Happy at the Beach. Finally done settling.

My absolutely best dating advice: Do Not Settle. 

But I had to figure that out for myself.  

Four years ago, I had a group of five girlfriends, all of us middle-aged, none of us happy with the men we were dating. Most of our guys (including mine) were unreasonably cheap. Several (including mine) complained about our alleged character defects while demanding way too much emotional labor. None of them were putting in much effort.

Yet we all hung in there longer than we should because, well, we hadn’t found anyone better, and going back to the dating sites sucked, and it was so exhausting to have to start all over again with someone new, assuming we even found anyone. 

We were all mired in lethargy. And we were all dissatisfied, and a bit angry. Was this all there was to dating at our age?

Why I Turned to The Rules

I have a confession. During my last round of dating in early 2018, I read The Rules. It’s a 1995 self-help book known for telling women how to catch a husband by being elusive, uncomplaining, and unrelentingly well put together.

When The Rules first came out, I was 32, a lawyer of seven years living with my high school sweetheart, later to become my husband. Back then, I thought the book was ridiculous. When you had true love, all you had to do was be yourself. 

But once I started dating after widowhood, The Rules began to make sense to me. I couldn’t take it literally, but The Rules were telling me that I had every right to expect a higher level of courtesy—dare I even say a dash of chivalry—in the men I dated. Which I’d been worried a Modern Woman wasn’t allowed to want. That deeply flawed book made me feel that I was not alone in rejecting modern dating, and modern men, as an exercise in apathy.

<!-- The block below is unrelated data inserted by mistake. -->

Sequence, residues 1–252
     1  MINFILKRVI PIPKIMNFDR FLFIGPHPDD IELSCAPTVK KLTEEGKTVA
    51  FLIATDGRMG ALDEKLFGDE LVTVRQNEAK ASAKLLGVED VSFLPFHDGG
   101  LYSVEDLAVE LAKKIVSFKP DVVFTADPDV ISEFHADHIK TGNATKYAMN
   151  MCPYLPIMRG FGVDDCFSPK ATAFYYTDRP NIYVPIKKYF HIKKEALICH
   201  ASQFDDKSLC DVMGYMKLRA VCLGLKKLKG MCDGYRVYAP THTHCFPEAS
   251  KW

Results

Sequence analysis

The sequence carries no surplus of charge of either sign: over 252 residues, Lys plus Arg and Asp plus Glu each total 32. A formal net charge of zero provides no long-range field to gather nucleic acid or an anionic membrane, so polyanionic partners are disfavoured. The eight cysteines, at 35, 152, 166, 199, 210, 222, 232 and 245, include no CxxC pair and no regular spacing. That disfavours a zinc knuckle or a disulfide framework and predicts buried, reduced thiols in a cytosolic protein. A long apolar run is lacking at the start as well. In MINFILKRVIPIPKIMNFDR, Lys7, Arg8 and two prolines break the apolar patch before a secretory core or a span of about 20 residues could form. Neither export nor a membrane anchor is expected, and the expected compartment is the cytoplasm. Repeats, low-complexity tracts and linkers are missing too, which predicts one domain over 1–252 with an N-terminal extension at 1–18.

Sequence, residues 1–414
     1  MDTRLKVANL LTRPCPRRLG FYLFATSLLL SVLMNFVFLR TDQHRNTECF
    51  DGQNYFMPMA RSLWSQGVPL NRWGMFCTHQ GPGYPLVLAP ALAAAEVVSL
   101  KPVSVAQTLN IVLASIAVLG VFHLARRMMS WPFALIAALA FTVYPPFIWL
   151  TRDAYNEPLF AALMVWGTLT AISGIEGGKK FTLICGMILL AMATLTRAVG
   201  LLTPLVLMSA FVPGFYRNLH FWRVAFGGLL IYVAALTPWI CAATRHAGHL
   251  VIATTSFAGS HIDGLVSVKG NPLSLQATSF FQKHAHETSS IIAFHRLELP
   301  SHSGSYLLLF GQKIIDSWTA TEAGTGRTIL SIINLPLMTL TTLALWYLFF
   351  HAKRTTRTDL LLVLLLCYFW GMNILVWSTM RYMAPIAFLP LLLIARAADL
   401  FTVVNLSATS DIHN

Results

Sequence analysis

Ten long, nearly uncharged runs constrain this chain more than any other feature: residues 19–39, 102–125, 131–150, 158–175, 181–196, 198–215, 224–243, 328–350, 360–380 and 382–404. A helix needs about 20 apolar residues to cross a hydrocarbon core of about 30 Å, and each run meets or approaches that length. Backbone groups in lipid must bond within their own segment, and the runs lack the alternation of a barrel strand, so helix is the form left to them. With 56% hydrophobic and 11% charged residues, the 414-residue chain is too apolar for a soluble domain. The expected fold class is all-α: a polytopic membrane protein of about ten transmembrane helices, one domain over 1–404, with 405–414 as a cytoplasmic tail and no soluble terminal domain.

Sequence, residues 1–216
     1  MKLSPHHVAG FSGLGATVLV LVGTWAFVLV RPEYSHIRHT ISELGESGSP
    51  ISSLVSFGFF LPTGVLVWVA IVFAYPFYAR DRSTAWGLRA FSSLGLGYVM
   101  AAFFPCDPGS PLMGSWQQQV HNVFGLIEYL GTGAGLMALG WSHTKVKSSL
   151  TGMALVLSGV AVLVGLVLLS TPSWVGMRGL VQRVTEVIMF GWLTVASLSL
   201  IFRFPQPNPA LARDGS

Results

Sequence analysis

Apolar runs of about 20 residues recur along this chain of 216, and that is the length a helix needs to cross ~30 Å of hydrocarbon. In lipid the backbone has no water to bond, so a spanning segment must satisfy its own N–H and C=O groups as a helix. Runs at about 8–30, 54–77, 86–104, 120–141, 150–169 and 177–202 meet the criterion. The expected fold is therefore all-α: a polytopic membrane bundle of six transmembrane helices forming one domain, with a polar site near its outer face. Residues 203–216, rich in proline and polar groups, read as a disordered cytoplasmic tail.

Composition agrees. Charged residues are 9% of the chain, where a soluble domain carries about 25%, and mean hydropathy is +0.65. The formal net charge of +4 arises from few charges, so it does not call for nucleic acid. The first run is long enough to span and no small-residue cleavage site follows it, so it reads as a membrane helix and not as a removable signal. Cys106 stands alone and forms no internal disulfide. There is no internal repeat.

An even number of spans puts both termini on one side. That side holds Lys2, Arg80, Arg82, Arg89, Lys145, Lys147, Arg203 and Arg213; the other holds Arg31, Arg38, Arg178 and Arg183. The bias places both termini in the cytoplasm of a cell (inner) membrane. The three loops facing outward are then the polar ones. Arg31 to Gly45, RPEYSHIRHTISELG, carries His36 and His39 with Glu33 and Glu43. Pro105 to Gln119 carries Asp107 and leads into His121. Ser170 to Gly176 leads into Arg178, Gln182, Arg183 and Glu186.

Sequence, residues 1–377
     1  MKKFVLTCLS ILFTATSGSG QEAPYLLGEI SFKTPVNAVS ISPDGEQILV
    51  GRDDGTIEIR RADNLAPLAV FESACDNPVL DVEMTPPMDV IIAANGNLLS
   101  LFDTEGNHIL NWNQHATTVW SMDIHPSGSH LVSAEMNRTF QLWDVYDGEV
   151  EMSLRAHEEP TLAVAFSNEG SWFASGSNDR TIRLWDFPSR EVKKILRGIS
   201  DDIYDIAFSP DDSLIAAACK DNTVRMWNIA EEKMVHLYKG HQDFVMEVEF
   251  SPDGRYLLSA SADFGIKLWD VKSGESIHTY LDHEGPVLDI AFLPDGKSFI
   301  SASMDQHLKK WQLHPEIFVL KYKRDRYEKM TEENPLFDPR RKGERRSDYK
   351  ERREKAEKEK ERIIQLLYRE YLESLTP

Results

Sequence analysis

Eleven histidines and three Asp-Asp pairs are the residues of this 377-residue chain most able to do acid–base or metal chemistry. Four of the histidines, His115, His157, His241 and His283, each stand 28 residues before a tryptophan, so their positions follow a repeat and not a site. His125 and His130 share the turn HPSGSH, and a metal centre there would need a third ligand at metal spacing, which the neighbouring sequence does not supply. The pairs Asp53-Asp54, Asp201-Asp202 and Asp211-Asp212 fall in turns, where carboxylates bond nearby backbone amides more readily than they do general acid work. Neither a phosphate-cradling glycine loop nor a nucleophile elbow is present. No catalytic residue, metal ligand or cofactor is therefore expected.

What was weird was that I needed this self-help book with its admittedly archaic ideas to tell me that I could want what I wanted. Back then I was caught up with wanting to seem trouble-free and low maintenance, open to almost anything, heh heh. I feared I was doomed to being alone if I didn’t lighten up.

As a naive, new widow, I hadn’t realized how much dating had changed since my high school days. Back then, the boy asked in advance and planned something you’d both enjoy. (Girls could do that too, we just didn’t back then). I still expected a nice man to ask me out on a reasonably planned date, open doors, offer a bite to eat or drink, and try to be good company.